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By Cardinal Cox


The Rights of Man (Dover Thrift Editions) ~ Thomas Paine
Available from The Rights of Man (Dover Thrift Editions) ~ Thomas Paine

Write Dope on Pnuk part 65

Thomas Paine was born in Thetford in Norfolk in January 1737 and attended the local Grammar school until he was thirteen, at which age he became apprenticed to his father, a corset maker. His father, who was a Quaker, was very influential upon Thomas’ life. He enlisted briefly in the Navy (first upon a ship called Terrible under Captain Death, and then upon the King of Prussia) but returned to land to take up corsetry. During a time in London he came to know some men of science.

In 1761 he became an excise officer and in December 1762 was sent to Grantham in Lincolnshire, where he was stationed until August 1764. A year later he was discharged for neglecting his duty, but appealed and the next year he was re-appointed. In 1772 the excisemen were campaigning for a rise in wages and Thomas Paine wrote a pamphlet upon their behalf, his first printed work. This however contributed to his second dismissal from the service in 1774.

Back in London he became acquainted with Benjamin Franklin, who encouraged Paine to emigrate to the American colonies, though he contracted an illness on the ship (five other passengers having died from typhoid fever) and was seriously weakened by the time of his arrival in Philadelphia. Here he found work with a bookseller who wanted to start a magazine. Before long Thomas was editing the 'Pennsylvanian Magazine', to which he also contributed articles attacking slavery, urging emancipation for women, advocating an end to cruelty to animals and extolling a republican sentiment.

With the start of the War of Independence in April 1775, Paine was an ardent supporter and his next pamphlet, 'Common Sense (January 1776)' is seen as one of the best written statements of the desires of the colonists to have a free nation of their own. This advocated a people’s war to throw off the yoke of the British government that might then stand as an inspiration to those oppressed peoples of Europe. Paine also felt that there should be a social contract to back-up a most minimal government to ensure those rights of life, liberty and the pursuit of happiness that the war was being fought for. It is believed by some that Paine might have even written the suppressed clause in the Declaration of Independence against the slave trade.

In the autumn of 1776 Paine resigned from the magazine and joined the Revolutionary Army. In December the first of his series 'Crisis (commenting on the war)' appeared in the 'Pennsylvania Journal'. Paine’s war service saw him as part of a commission to native tribes (January 1777) and even undertaking diplomatic ventures to France (1781). In 1782, at the suggestion of George Washington, amongst others, Paine was rewarded with eight hundred dollars from the secret service fund to enable him to write.

During 1784 Thomas had moved away from politics and was working on inventing an iron bridge. In April 1787 he showed his model in Paris to the academy of sciences. Then he came back to Britain and in June 1790 it was erected in what is now Paddington. He was also engaged on other scientific projects, but other matters were to distract him, namely, the Revolution in France.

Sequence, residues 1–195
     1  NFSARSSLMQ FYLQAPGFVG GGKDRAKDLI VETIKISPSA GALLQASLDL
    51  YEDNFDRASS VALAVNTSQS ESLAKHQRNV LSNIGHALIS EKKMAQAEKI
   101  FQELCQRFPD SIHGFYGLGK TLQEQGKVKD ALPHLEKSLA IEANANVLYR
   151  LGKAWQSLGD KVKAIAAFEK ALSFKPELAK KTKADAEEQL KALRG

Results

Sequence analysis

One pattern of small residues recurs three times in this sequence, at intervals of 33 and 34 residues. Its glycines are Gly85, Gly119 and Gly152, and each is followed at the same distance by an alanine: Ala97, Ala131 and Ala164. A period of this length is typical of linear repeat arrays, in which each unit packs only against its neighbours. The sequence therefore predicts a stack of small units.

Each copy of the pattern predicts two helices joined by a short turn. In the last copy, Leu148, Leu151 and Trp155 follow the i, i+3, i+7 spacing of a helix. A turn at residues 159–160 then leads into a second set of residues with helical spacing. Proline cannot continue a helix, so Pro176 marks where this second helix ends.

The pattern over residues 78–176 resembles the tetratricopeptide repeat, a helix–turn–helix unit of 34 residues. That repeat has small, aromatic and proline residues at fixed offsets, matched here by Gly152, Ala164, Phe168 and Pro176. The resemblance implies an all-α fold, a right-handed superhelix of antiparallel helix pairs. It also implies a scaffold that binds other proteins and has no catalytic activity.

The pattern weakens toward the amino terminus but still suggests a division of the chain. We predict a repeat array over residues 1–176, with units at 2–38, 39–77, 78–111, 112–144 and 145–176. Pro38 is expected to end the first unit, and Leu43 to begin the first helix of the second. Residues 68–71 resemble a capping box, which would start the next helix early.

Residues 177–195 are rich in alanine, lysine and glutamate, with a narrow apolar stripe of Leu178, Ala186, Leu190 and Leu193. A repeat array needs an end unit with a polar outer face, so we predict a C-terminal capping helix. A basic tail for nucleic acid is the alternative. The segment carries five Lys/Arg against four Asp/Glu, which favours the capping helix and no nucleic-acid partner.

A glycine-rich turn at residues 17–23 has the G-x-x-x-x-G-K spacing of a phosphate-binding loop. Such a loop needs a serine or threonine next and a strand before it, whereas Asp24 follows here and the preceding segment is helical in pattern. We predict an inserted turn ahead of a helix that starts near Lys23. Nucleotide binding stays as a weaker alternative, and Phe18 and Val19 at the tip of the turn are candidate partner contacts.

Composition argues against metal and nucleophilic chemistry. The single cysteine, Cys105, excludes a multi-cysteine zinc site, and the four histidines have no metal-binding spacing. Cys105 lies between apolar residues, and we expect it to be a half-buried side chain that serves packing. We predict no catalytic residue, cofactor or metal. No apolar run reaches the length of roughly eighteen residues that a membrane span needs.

In spring 1790 Paine had been in Paris and Lafayette had entrusted to him the key to the Bastille to give to George Washington. In March 1791, the next famous work of Paine’s was published; 'The Rights of Man', and this became an instant success with the radicals of Britain. Unfortunately this also caused the authorities to start a hunt for Paine, and so in September he had to flee the country. Back in France he was welcomed as a hero and in 1793 was elected to the national assembly despite not speaking French. In October he was even appointed to a committee to draft a new constitution. Paine, though, did not support executing the king, rather suggested that he should be exiled to America. This lead to a denunciation by Marat. Out of favour, he was arrested and put in prison, escaping a trip to the guillotine by a fortuitous accident. Following the death of Robespierre, Paine was able to leave prison, though he stayed in France.

His next (and last) major work was 'Agrarian Justice' in which he saw that there was no going back from the civilised society (where some were rich and many were abjectly poor) to the primitive state (where all were moderately poor). So he proposed that there should be a ten- percent levy on inheritances. This was to provide first a sum for all citizens at the age of twenty-one (£15), so that they might establish themselves, and then for a pension (£10 per year) upon reaching the age of fifty. As he says in this article: “Though I care as little about riches as any man, I am a friend to riches because they are capable of good.” Later he had hopes that Napoleon might invade Britain, but came to condemn his dictatorship.

Thomas Jefferson (now President of America) invited Paine back across the Atlantic, though here he was now an outsider from society. On June 8 1809, he died in Greenwich Village, New York, and he was buried in New Rochelle in the same state. However, in 1819, William Cobbett had the bones dug up to bring back to Britain. They got to Liverpool, where they remained until after Cobbett’s death. In 1836 they were seized as part of the assets of Cobbett’s bankrupt son, and were last heard of owned by a Mr. Tilly in 1844.


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